Do you think it’s possible that when media is sensationalizing the “extreme stories” it can end up encouraging more violence? If you compare the amount of news time dedicated to crime in the States, for example, especially when it comes to gunmen and psychopaths, do you think knowing that they will get that kind of attention may be an incentive to do some people to do something shockingly violent?

EVAN: That’s actually something that Marilyn Manson has brought up before:

And I think that what he’s saying definitely has some truth to it. If school shootings are able to garner this much attention, effectively immortalizing those involved, then that definitely makes them that much more tantalizing, if I can use that word.

But at the same time these events are, all things considering, few and far between. And I think there’s a difference between an act of violence being widely publicized and Oprah calling attention to “rainbow parties.

KAT: Yeah, it seems like the best way to get attention for your show/article/etc. in a world where everyone is bombarded by media is to make example of the most extreme and unfortunate of cases that can be found. I even feel compelled when writing for the blog to find something controversial to discuss. So are we all creating a false sense of how the world really is? Making it seem like a less safe and more terrible place than it may actually be?

I typed “teens getting worse” into Google Images and this came up.

EVAN: The article would point to “yes.” I, once again, think it’s a little of both. Being overcautionary is certainly harmful, but we should still be aware of things like Snapchat being used for risque underage interactions and that sort of thing.

There needs to be some kind of middle ground where we can be informed without falling prey to “the next big danger” when it comes to our children or what have you.

KAT: I have to agree with you. While there are some pretty big issues that do disturb me, and I am always going to be quick to draw attention to those things, I don’t want to forget about some of the awesome advances we have made as a society.

As a woman there isn’t any other time I would rather live in, (even if I have to navigate through constant objectification of women in advertising).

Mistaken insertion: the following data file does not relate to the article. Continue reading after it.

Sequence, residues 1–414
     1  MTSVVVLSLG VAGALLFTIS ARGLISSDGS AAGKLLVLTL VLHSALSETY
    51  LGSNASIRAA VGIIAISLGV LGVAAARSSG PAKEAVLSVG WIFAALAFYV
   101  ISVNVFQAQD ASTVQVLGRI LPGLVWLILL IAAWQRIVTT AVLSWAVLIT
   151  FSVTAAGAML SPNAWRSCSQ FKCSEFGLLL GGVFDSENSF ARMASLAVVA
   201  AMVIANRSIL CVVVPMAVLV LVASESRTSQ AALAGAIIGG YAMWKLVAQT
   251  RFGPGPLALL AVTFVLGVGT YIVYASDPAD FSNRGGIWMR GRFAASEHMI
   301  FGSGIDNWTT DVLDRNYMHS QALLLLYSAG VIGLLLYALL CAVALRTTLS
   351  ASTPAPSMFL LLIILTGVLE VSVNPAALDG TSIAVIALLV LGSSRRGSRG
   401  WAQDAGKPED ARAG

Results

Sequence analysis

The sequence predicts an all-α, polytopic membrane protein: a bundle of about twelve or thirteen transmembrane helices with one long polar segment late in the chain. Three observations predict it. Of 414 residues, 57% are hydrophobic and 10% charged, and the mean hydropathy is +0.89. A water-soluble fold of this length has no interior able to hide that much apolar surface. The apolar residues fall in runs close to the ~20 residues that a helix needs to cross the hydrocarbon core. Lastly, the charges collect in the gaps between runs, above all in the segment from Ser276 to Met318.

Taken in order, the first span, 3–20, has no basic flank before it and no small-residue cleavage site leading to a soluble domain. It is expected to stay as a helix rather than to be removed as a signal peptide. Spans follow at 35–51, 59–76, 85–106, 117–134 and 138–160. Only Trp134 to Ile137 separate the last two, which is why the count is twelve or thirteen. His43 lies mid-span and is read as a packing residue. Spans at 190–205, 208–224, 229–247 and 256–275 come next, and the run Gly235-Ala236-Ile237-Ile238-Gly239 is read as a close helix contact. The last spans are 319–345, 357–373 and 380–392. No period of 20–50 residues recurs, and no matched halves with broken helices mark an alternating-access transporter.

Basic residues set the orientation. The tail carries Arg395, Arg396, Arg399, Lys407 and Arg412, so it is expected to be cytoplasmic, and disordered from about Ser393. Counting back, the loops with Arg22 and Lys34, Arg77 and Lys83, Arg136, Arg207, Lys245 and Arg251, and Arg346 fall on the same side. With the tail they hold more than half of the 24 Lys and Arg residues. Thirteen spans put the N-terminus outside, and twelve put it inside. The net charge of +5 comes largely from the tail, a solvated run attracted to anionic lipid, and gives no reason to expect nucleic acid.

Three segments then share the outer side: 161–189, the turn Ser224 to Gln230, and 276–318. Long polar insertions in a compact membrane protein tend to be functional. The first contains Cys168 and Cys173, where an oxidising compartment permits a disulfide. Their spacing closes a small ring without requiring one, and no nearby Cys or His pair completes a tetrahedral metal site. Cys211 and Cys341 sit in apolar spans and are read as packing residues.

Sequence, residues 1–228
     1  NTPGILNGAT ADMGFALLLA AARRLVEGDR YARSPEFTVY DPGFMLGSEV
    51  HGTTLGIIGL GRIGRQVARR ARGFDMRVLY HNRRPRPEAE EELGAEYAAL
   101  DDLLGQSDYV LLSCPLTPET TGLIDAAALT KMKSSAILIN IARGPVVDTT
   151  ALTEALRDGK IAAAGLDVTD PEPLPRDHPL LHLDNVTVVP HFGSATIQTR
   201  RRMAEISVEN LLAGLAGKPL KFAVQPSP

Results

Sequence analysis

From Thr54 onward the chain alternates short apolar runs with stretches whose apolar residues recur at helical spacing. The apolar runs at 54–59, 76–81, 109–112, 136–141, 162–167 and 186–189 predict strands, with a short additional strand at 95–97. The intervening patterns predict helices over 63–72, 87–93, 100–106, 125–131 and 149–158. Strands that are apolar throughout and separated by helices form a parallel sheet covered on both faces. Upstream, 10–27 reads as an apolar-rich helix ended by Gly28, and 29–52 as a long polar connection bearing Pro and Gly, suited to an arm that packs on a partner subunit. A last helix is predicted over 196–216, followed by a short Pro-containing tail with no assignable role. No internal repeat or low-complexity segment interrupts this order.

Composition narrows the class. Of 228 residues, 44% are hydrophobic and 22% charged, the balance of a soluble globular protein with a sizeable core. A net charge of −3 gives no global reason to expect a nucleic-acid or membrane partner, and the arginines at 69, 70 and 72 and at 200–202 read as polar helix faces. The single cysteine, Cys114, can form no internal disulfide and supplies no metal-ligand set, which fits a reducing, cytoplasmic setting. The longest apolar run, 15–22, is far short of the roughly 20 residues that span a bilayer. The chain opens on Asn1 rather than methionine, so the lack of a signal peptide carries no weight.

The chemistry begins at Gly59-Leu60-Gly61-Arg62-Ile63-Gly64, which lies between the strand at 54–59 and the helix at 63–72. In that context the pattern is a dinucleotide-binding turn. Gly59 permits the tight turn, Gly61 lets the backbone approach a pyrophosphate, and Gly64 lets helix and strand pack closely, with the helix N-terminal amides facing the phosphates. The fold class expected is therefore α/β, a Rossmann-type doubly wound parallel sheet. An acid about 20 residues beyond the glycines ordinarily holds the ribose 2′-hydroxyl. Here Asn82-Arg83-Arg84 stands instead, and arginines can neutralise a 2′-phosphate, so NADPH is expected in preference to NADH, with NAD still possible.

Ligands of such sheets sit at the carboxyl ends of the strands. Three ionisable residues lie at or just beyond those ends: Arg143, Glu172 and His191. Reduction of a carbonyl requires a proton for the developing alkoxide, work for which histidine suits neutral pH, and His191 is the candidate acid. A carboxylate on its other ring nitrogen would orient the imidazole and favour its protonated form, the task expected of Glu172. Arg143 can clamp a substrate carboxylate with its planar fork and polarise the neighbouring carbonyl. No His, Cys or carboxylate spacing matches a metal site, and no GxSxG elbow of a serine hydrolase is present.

EVAN: In conclusion: To answer the question “Is the world worse than it used to be?” I [we] think the broad answer is “No.” There are many things about the world we live in that have progressed much further than they’ve ever been.

This duck represents the collective opinion of 2/3 of Culture War Reporters.

That being said we would do well not to forget about the issues that are not so great, and not ignore them due to all the pluses in our present lives.

KAT: I guess that sums up our talk for tonight. Not particularly long, but apparently Evan and I agree on too many things to get very much debate going.

EVAN: Thank you for reading, and I’d like to remind everyone again to leave topics we can discuss, because we really need them.

KAT: As you can probably tell.

EVAN: That’s all for now, folks! Like I said, leave us a topic if you can, and definitely fill out Kat’s poll below-


Editor’s Note:

We fully understand how short this post is, and how our discussion didn’t go as in-depth as others in this feature normally do. I am going to chalk that up to Kat’s adjusting to her return back to school coupled with her relative inexperience with the format. Never fear, we are constantly working to improve, and will definitely get the hang of this in the upcoming weeks.

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2 responses to “Evan and Gordon Kat Talk: Is The World Worse?

  1. You definitely made the third option in the poll too enticing.

    • You are very right. Actually, I should have thought of a way better first option because I think there actually are some pretty legitimate arguments behind the camp that thinks that “things are getting worse”. Unfortunately I was pretty sleepy at the time and fell right into a tempting little idiom.